UPSC History Syllabus
Union Public Service Commission specifies the Syllabus of IAS Mains Paper I/II Exam in its notification for the candidates looking to appearing in the recruitment exam. We have published complete UPSC History Syllabus on this page to help the candidates to know which section and topics they have to cover while preparing for the CSE (IAS) Mains Optional exam. UPSC History Syllabus 2018 is announced separately for Paper I and Paper II exams by the Commission. So go through this page and start preparation according to the particular topics which will definitely help you in scoring good marks.
Basically, UPSC CSE (IAS) Mains exam is conducted to check the overall intellectual traits and depth of understanding of the candidates. Job appliers who have qualified in the prelims examination are now going to appear in main examination and it is not that much easy.
Aspirants need to put their efforts and for the ease of candidates, we have also gathered list of best books for UPSC IAS History Exam preparation written by the brilliant authors. Candidates are advised to go through this page of recruitmentresult.com to grab the complete UPSC History Syllabus 2018 and to know the topics under each section to be covered during their preparation.
UPSC History Syllabus
Getting qualified in one of the toughest and prestigious examination will be easier, if you hold good resource for preparation and hold the knowledge of weightage of each topic. While UPSC CSE (IAS) Mains Exam is the descriptive type of examination which is divided in 9 papers, in which two are qualifying papers of 300 marks each such as Any Indian Language and English Language Paper.
Candidates may choose any one of the ‘Optional Subjects’ from the list of subjects given in official notification which include History. Those candidates who are going to opt this subject are advised to gather UPSC History Exam Syllabus 2018 from here…
|PAPER – I|
Archaeological sources: Exploration, excavation, epigraphy, numismatics, monuments Literary sources: Indigenous: Primary and secondary; poetry, scientific literature, literature, literature in regional languages, religious literature. Foreign accounts: Greek, Chinese and Arab writers.
|Pre-history and Proto-history:||Geographical factors; hunting and gathering (paleolithic and mesolithic); Beginning of agriculture (neolithic and chalcolithic).|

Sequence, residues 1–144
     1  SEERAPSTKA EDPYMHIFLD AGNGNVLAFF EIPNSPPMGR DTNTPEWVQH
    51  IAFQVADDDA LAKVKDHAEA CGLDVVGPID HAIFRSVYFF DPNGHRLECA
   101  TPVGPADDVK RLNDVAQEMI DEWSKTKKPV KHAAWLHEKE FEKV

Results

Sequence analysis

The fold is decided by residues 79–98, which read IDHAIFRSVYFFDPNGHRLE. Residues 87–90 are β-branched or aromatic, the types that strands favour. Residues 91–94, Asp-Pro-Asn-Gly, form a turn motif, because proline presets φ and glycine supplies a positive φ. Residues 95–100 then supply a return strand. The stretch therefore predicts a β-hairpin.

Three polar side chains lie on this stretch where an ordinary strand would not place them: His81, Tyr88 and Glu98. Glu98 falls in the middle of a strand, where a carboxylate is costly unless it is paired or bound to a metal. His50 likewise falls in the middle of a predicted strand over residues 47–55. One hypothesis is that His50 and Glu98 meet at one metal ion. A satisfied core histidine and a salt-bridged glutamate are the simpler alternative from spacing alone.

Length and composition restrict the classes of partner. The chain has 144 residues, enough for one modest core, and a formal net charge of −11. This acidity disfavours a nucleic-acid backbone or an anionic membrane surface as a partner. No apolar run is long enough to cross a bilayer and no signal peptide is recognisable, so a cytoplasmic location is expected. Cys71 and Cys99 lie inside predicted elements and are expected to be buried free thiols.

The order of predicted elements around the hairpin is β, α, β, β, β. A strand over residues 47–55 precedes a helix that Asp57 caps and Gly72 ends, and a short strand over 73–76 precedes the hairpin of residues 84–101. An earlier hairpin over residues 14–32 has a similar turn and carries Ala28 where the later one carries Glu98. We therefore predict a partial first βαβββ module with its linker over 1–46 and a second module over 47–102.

|Indus Valley Civilization:||Origin, date, extent, characteristics, decline, survival and significance, art and architecture.|
Distribution of pastoral and farming cultures outside the Indus, Development of community life, Settlements, Development of agriculture, Crafts, Pottery, and Iron industry.
|Aryans and Vedic Period:|
Expansions of Aryans in India. Vedic Period: Religious and philosophic literature; Transformation from Rig Vedic period to the later Vedic period; Political, social and economical life; Significance of the Vedic Age; Evolution of Monarchy and Varna system.
|Period of Mahajanapadas:||Formation of States (Mahajanapada) : Republics and monarchies; Rise of urban centres; Trade routes; Economic growth; Introduction of coinage; Spread of Jainism and Buddhism; Rise of Magadha and Nandas. Iranian and Macedonian invasions and their impact.|
Foundation of the Mauryan Empire, Chandragupta, Kautilya and Arthashastra; Ashoka; Concept of Dharma; Edicts; Polity, Administration; Economy; Art, architecture and sculpture; External contacts; Religion; Spread of religion; Literature. Disintegration of the empire; Sungas and Kanvas.
|Post – Mauryan Period (Indo-Greeks, Sakas, Kushanas, Western Kshatrapas):|
Contact with outside world; growth of urban centres, economy, coinage, development of religions, Mahayana, social conditions, art, architecture, culture, literature and science.
|Early State and Society in Eastern India, Deccan and South India:|
Kharavela, The Satavahanas, Tamil States of the Sangam Age; Administration, economy, land grants, coinage, trade guilds and urban centres; Buddhist centres; Sangam literature and culture; Art and architecture.
|Guptas, Vakatakas and Vardhanas:|
Polity and administration, Economic conditions, Coinage of the Guptas, Land grants, Decline of urban centres, Indian feudalism, Caste system, Position of women, Education and educational institutions; Nalanda, Vikramshila and Vallabhi, Literature, scientific literature, art and architecture.
|Regional States during Gupta Era:||The Kadambas, Pallavas, Chalukyas of Badami; Polity and Administration, Trade guilds, Literature; growth of Vaishnava and Saiva religions. Tamil Bhakti movement, Shankaracharya; Vedanta; Institutions of temple and temple architecture; Palas, Senas, Rashtrakutas, Paramaras, Polity and administration; Cultural aspects. Arab conquest of Sind; Alberuni, The Chalukyas of Kalyana|
|Themes in Early Indian Cultural History:||Languages and texts, major stages in the evolution of art and architecture, major philosophical thinkers and schools, ideas in Science and Mathematics.|
|Early Medieval India, 750-1200: –|
Polity: Major political developments in Northern India and the Peninsula, origin and the rise of Rajputs – The Cholas: administration, village economy and society – “Indian Feudalism” – Agrarian economy and urban settlements – Trade and commerce – Society: the status of the Brahman and the new social order – Condition of women – Indian science and technology
|Cultural Traditions in India, 750- 1200: – Philosophy:|
Skankaracharya and Vedanta, Ramanuja and Vishishtadvaita, Madhva and BrahmaMimansa – Religion: Forms and features of religion, literature, literature in the newly developing languages, Kalhan’s Rajtarangini, Alberuni’s India – Art and Architecture: Temple architecture, sculpture, painting
|The Thirteenth Century: –||Establishment of the Delhi Sultanate: The Ghurian invasions – factors behind Ghurian success – Economic, social and cultural consequences – Foundation of Delhi Sultanate and early Turkish Sultans – Consolidation: The rule of Iltutmish and Balban|
|The Fourteenth Century: –|